Florida Power & Light (FPL) professes to be a solar leader. According to FPL, “Florida’s clean energy landscape is bright.” FPL touts that it’s tripling the amount of solar it’s generating for customers this year as if that’s a huge accomplishment to be celebrated. In fact, the utility goes so far as to claim that its goal of having one million solar panels in operation by the end of 2016 is “audacious.” The only thing that is “audacious” is the web of misleading information FPL’s CEO spins to cover FPL’s anemic commitment to solar for a utility their size (4.8 million customer accounts). FPL’s whole game falls apart the minute you do the math and get to the facts.
What’s the real story? Is FPL’s solar goal audacious? Is FPL a solar leader, or a solar laggard? How do FPL and the other Florida investor owned utilities compare to leading peer utilities in the Southeast region and the nation when it comes to solar development?
Since power companies vary in size, the best apples to apples comparison for answering those questions is through a metric called solar watts per customer. Solar watts per customer measures how much solar electric output (watts) a utility has installed per customer. The Smart Electric Power Alliance, formerly called the Solar Electric Power Association (SEPA), a national educational non-profit that conducts research and collaboration to help utilities deploy solar and other distributed energy resources, uses the “solar watts per customer” metric to fairly and accurately represent and rank the amount of solar installed in a utility’s territory.
Based on SACE’s analysis of large-scale and customer-sited solar projects currently installed or in the pipeline to be in operation by the end of 2017 in the Southeast, Florida’s investor owned utilities seriously lag peer utility leaders in solar watts per customer, both in the Southeast region and in the nation. In fact, they are bottom of class.
The numbers tell the story:
As of September 2016, Duke Energy Progress, which serves customers in North and South Carolina, is at 627 solar watts per customer. Duke Energy Florida? A paltry 26 solar watts per customer. By the end of 2017, Duke Energy Progress will install enough solar to move up to an impressive 927 solar watts per customer. Duke Energy Florida, on the other hand, is currently projected to remain at 26 solar watts per customer through the end of 2017.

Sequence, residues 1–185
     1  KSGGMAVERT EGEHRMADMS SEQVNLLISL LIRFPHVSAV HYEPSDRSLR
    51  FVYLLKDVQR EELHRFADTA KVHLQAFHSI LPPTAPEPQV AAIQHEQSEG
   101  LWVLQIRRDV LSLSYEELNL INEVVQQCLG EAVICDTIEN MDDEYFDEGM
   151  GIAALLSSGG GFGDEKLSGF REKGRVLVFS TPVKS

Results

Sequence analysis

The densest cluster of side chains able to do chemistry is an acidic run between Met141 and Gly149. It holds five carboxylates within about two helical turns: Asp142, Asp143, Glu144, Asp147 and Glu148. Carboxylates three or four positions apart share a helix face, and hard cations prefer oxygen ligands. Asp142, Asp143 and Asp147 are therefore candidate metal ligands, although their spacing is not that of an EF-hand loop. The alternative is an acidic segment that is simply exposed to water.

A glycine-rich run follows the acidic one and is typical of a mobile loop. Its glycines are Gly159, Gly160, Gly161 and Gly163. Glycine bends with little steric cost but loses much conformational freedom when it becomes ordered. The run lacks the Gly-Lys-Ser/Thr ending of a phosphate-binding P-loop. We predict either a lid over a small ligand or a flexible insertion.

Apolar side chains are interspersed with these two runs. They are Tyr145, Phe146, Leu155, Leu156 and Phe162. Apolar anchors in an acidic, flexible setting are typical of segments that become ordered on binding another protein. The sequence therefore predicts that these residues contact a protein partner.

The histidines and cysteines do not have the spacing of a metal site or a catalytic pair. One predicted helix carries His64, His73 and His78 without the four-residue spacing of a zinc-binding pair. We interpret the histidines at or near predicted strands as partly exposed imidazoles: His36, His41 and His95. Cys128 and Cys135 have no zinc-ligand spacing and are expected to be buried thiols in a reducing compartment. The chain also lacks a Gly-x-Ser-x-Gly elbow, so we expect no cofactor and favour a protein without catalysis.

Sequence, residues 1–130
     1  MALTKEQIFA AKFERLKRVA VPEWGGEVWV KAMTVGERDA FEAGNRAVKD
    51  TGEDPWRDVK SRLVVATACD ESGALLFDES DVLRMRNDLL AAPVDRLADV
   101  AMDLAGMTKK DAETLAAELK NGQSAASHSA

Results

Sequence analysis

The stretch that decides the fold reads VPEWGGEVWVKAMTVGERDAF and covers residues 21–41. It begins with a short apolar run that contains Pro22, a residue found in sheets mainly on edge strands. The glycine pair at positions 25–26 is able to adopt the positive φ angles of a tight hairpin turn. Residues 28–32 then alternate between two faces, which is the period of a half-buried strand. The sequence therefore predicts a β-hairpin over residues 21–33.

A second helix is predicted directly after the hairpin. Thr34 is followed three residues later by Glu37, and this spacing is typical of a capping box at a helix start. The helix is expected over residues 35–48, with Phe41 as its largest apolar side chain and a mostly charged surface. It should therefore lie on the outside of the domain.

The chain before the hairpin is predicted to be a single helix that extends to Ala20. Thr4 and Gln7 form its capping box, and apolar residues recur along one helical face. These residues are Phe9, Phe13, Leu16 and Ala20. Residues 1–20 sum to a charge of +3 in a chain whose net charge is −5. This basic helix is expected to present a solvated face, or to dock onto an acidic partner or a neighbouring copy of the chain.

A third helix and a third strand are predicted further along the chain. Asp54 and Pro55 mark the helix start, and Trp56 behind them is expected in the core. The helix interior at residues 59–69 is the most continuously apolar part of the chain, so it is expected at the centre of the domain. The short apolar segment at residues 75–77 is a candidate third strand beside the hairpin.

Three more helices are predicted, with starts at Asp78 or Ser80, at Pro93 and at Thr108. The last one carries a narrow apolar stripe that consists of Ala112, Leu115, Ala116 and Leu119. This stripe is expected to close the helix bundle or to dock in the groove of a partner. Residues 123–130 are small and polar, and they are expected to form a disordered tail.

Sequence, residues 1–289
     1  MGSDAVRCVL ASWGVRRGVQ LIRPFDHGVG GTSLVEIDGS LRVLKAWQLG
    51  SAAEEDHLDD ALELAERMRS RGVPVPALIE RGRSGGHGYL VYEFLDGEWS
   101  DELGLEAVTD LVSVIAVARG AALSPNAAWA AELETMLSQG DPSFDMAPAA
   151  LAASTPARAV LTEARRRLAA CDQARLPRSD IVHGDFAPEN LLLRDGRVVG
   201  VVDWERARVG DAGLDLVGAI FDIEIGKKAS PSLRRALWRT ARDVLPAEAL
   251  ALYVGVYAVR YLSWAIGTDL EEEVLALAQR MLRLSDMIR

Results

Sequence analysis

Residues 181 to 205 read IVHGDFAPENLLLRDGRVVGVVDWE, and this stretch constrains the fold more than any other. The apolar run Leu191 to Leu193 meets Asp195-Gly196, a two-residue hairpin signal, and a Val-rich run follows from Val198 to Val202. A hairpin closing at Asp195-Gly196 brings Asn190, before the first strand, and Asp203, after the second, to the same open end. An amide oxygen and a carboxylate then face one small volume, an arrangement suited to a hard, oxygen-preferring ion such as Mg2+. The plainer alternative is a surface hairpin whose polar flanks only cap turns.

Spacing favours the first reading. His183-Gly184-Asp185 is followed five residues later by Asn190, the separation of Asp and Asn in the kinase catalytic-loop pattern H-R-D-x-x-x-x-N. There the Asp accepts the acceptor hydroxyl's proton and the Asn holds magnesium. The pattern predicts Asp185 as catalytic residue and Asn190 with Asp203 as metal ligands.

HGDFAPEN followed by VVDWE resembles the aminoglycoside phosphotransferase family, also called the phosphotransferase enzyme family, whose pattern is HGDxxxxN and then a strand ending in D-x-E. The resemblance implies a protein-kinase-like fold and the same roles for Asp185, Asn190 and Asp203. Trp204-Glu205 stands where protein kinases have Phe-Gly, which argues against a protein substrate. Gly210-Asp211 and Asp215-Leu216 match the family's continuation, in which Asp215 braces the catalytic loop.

FPL, which claims to be “kicking its solar capacity into high gear,” comes in at a negligible 32 solar watts per customer as of September 2016. At 627 solar watts per customer, Duke Energy Progress trounces FPL 10 times over, even though Florida has better solar resources than the Carolinas. And even after tripling its solar capacity by the end of 2016, FPL will come in at a meager 79 solar watts per customer compared to Duke Energy Progress’ projected 927.
Similarly, Tampa Electric Company is at a meager 17 solar watts per customer today, and will still be there at the end of 2017 based on current plans.
Finally, with only 7 solar watts per customer installed, Gulf Power compares even worse to regional leaders than the other Florida investor owned utilities. Georgia Power leaves its sister company in the dust with 272 solar watts per customer, almost 40 times as much as Gulf Power. And while Gulf Power’s planned solar projects will bring it up to 276 watts per customer by the end of 2017, Georgia Power also has additional solar projects in the works and is projected to maintain a commanding lead with 417 watts per customer by that date.
When Florida’s investor owned utilities are compared with national peer leaders, they fare even worse – national leaders are heads and shoulders above all four of the big Florida utilities. In fact, the actual gap between solar watts per customer for the Florida utilities and the national leaders is larger than that reflected below. The data for the national leaders has not been updated since December 2015 and thus does not reflect solar installations since that date.